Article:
Ediacara dominant fossils <ul><li>Tribrachidium </li></ul><ul><li>Unknown affinities; </li></ul><ul><li>2-5 cm; </li></ul>...
Ediacara dominant fossils <ul><li>Dickinsonia </li></ul><ul><li>1-100 cm; </li></ul><ul><li>Segmented, head, tail (segment...
Ediacara dominant fossils <ul><li>Charnia </li></ul><ul><li>0.15-2 m; </li></ul><ul><li>Strong similarities with the moder...
Ediacaran Animals Today? Living sea-pens from offshore NW Australia.
Ediacara  dominant  fossils
Spriggina  Case <ul><li>A worm-like animal of the Ediacara fauna presents an extraordinary feature. </li></ul><ul><li>In t...
Spriggina  Case <ul><li>Approximately 3 cm long. Australia, then Russia. </li></ul>
Controversial Way of Life <ul><li>Seilacher & McMenamin suggested that the animals of Ediacara all lived in symbiotic rela...
Vendoza Controversy <ul><li>Seilacher & McMenamin emphasized the dissimilarities between Ediacara-type and modern organism...
Ediacara Fauna Extinction <ul><li>Ediacara fauna appeared approximately 630 M.y. ago and developed for about 50 M.y. </li>...
Interpretation dynamics
Aspidella  case <ul><li>0.1-5 cm; </li></ul><ul><li>Canada, 1872; </li></ul><ul><li>Originally was considered a pseudofoss...
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209 20 12

  1. 1. UNIVERSITY OF CALGARY SPRING 2010 GLGY 209-20 INTRODUCTION TO GEOLOGY I
  2. 2. GEOLOGIC TIME SCALE <ul><li>There are four eons: </li></ul><ul><li>PHANEROZOIC (visible life forms); </li></ul><ul><li>PROTEROZIC (early life forms); </li></ul><ul><li>ARCHEAN (oldest rocks); </li></ul><ul><li>HADEAN (no rock record). </li></ul>
  3. 3. Evaluation of the Geological Time <ul><li>Studying the Biblical chronology, the Irish Bishop James Ussher concluded in 1654 that the Earth has been created in the year 4,004 BC. </li></ul><ul><li>Georges Louis Leclerc, Comte De Buffon estimated the age of the Earth at about 75,000 years. His major work, Les Epoques de la Nature has been published in 1778. </li></ul>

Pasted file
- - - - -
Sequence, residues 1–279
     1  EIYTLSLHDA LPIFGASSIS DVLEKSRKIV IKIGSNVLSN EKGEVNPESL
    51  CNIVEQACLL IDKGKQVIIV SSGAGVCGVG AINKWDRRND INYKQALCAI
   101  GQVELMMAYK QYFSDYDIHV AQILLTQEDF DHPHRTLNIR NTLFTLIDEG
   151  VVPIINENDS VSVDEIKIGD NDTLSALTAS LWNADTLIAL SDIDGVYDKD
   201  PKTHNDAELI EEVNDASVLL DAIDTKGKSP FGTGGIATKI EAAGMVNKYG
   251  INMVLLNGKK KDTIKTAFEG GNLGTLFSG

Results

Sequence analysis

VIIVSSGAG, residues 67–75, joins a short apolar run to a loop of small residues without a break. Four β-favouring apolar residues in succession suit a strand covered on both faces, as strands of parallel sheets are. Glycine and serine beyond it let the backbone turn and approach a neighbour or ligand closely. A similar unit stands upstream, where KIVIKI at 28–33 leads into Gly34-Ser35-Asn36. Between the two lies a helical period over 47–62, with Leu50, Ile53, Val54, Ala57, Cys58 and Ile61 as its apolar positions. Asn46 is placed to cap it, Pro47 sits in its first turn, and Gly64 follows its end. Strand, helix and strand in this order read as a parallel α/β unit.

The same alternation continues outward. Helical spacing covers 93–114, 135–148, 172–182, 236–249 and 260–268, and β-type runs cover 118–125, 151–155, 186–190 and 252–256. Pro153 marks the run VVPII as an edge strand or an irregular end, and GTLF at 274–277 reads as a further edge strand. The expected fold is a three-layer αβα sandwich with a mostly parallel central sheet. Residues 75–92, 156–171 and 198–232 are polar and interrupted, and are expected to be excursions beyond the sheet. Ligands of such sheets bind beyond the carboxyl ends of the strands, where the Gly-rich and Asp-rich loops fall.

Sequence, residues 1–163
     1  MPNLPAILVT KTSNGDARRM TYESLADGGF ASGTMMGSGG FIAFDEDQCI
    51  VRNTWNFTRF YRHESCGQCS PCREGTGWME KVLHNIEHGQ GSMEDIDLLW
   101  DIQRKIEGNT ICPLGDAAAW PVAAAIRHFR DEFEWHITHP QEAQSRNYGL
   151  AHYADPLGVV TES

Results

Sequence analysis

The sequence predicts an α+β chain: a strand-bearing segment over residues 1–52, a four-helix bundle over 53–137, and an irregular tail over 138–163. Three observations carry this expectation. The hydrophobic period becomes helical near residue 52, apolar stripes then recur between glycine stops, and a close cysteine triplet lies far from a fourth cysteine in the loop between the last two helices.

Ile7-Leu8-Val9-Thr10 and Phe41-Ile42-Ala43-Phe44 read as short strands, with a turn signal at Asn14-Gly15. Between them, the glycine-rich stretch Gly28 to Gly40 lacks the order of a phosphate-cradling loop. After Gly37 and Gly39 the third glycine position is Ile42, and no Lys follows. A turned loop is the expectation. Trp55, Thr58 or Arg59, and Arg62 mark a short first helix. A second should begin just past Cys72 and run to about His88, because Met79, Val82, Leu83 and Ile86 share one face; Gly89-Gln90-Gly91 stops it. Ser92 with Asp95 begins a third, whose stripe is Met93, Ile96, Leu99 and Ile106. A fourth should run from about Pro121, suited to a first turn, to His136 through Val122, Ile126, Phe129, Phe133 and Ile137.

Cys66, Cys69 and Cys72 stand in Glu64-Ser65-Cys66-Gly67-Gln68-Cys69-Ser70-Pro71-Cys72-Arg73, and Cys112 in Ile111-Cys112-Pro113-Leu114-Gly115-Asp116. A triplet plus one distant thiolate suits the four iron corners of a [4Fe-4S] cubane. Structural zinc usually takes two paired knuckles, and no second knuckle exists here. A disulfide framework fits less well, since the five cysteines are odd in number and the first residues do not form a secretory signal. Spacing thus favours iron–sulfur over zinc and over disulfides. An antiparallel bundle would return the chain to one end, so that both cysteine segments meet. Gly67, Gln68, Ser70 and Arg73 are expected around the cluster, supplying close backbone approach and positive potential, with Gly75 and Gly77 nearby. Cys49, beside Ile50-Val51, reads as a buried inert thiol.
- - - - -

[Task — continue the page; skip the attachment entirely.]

4. 4. Radioactive Decay <ul><li>Some of the isotopes are stable, other not. </li></ul><ul><li>An unstable isotope nucleus can be transformed spontaneously into an isotope with a stable nucleus configuration. </li></ul><ul><li>This process is known as radioactive decay . </li></ul>
  5. 5. Radioactive Decay Series Radioactive decay series between Uranium 238 and Lead 206. There are eight alpha and six beta decay steps.
  6. 6. Half-Life <ul><li>The half-life of a radioactive element represents the time it takes for one half of the atoms of the original unstable parent element to decay to atoms of a new and more stable daughter element . </li></ul>
  7. 7. Half-Life principle
  8. 8. Half-time Resolution
  9. 9. GEOLOGIC TIME SCALE
  10. 10. Explaining the fossil record. Theory of evolution
  11. 11. Living World Hierarchy <ul><li>Karl Linnaeus yielded the first hierarchy of the living world. </li></ul><ul><li>In the 7 th edition of his book ‘ Systema Naturae ’ (Lat.: Systema Naturae: Creationis telluris est gloria Dei ex opere Naturae per Hominem solum ) Linnaeus postulated that species are real & unchangeable entities . </li></ul>
  12. 12. Hierarchy as Proposed by Linnaeus <ul><li>Linnaeus belief: “… if God created the World it is possible to understand God’s wisdom by studying his creation .” </li></ul><ul><li>His best known student Daniel Solander was Captain James Cook’s naturalist in his voyages around the world. </li></ul><ul><li>Kingdom > Class > Order > Genus > Species </li></ul>